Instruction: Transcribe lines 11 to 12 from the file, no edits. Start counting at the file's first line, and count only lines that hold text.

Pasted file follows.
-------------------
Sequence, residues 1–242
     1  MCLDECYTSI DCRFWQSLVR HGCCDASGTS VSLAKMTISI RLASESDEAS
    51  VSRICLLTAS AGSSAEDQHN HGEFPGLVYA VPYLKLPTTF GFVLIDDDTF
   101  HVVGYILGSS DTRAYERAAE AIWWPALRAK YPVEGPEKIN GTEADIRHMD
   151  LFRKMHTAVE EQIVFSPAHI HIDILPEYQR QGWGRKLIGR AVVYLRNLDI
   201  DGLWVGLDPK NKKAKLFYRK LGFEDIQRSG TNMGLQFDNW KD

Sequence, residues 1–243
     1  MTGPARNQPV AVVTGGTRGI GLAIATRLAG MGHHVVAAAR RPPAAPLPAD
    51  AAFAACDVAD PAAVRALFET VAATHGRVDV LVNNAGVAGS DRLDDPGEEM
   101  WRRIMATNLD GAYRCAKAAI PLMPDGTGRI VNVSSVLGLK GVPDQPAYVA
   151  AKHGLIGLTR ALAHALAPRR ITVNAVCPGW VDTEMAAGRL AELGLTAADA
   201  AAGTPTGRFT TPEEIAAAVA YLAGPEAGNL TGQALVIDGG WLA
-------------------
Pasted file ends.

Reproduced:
   151  AKHGLIGLTR ALAHALAPRR ITVNAVCPGW VDTEMAAGRL AELGLTAADA
   201  AAGTPTGRFT TPEEIAAAVA YLAGPEAGNL TGQALVIDGG WLA